General practice encounters for psychological problems in rural, remote and metropolitan areas in Australia

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dc.contributor.author Caldwell, TM
dc.contributor.author Jorm, AF
dc.contributor.author Knox, SA
dc.contributor.author Braddock, D
dc.contributor.author Dear, KB
dc.contributor.author Britt, H
dc.date.accessioned 2010-05-28T09:50:46Z
dc.date.issued 2004-01
dc.identifier.citation Australian And New Zealand Journal Of Psychiatry, 2004, 38 (10), pp. 774 - 780
dc.identifier.issn 0004-8674
dc.identifier.other C1UNSUBMIT en_US
dc.identifier.uri http://hdl.handle.net/10453/9613
dc.description.abstract Previous Australian research suggests there is very little difference in the prevalence of mental health disorders across rural, remote and metropolitan areas. However, mental health specialists are particularly scarce in rural and remote areas and some researchers have argued that non-metropolitan residents rely heavily on general practitioners (GPs) for mental health care. This article investigated rates of GP services for psychological problems across rural, remote and metropolitan areas.The Bettering the Evaluation and Care of Health (BEACH) program, Medicare and Pharmaceutical Benefits Scheme data were used in this report. Data included all psychological, depression and anxiety problems reported as managed by GPs and prescriptions for mental health medications (written and filled). Problem and medication rates are given per 100 patient encounters and per 1000 population.Only a few regional differences were evident in the rate of psychological problems and prescriptions for mental health medications per 100 GP-patient encounters. However, rural and remote residents visited GPs less frequently than their metropolitan counterparts. Lower rates of GP encounters for psychological problems were evident for residents of most non-metropolitan areas (per 1000 population). Additionally, GPs prescribed mental health medications at half the rate for residents of remote areas than capital cities.General practitioners provide fewer mental health services per capita in non-metropolitan areas. This difference could represent completely untreated psychological problems or fewer follow-up consultations. While non-metropolitan residents have limited access to specialists, rates of GP encounters for psychological problems are also very low.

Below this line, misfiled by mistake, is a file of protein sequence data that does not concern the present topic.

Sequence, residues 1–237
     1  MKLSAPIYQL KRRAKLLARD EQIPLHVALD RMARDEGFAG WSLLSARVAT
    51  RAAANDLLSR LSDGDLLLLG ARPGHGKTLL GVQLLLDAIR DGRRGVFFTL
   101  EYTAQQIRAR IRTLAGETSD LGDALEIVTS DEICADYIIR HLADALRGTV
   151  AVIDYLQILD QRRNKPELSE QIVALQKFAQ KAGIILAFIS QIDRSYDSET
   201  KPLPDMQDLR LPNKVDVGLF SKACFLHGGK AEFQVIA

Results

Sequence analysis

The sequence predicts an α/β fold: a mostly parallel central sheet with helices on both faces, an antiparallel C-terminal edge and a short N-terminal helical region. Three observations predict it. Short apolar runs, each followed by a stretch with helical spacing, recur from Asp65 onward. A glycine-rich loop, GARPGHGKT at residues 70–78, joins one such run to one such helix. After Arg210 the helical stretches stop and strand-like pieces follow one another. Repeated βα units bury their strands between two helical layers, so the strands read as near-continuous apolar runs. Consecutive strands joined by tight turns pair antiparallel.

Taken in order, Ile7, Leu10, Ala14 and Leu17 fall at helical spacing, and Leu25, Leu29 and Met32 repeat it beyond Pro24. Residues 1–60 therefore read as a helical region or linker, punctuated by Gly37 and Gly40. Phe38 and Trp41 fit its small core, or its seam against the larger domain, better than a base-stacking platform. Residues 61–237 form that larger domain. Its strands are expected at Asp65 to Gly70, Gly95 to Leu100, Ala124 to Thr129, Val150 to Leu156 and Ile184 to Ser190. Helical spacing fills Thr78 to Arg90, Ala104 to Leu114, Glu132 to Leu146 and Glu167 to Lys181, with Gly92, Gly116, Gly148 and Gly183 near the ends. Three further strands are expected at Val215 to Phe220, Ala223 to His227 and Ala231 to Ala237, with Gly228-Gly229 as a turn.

dc.publisher Blackwell Publishing Ltd
dc.relation.isbasedon 10.1080/j.1440-1614.2004.01461.x
dc.subject depression, general practice, mental health services, mental health, rural., Psychiatry
dc.subject depression, general practice, mental health services, mental health, rural.; Psychiatry
dc.title General practice encounters for psychological problems in rural, remote and metropolitan areas in Australia
dc.type Journal Article
dc.parent Australian And New Zealand Journal Of Psychiatry
dc.journal.volume 10
dc.journal.volume 38
dc.journal.number 10 en_US
dc.publocation Oxford, UK en_US
dc.identifier.startpage 774 en_US
dc.identifier.endpage 780 en_US
dc.cauo.name BUS.Centre for Health Economics Research and Evaluation en_US
dc.conference Verified OK en_US
dc.for 1103 Clinical Sciences
dc.personcode 0000045707 en_US
dc.personcode 0000045708 en_US
dc.personcode 998486 en_US
dc.personcode 0000045709 en_US
dc.personcode 0000045710 en_US
dc.personcode 0000042982 en_US
dc.percentage 100 en_US
dc.classification.name Clinical Sciences en_US
dc.classification.type FOR-08 en_US
dc.edition en_US
dc.custom en_US
dc.date.activity en_US
dc.location.activity en_US
dc.description.keywords depression, general practice, mental health services, mental health, rural. en_US
dc.description.keywords depression, general practice, mental health services, mental health, rural.
pubs.embargo.period Not known
pubs.organisational-group /University of Technology Sydney
pubs.organisational-group /University of Technology Sydney/Faculty of Business
pubs.organisational-group /University of Technology Sydney/Strength - Health Economics and Research Evaluation


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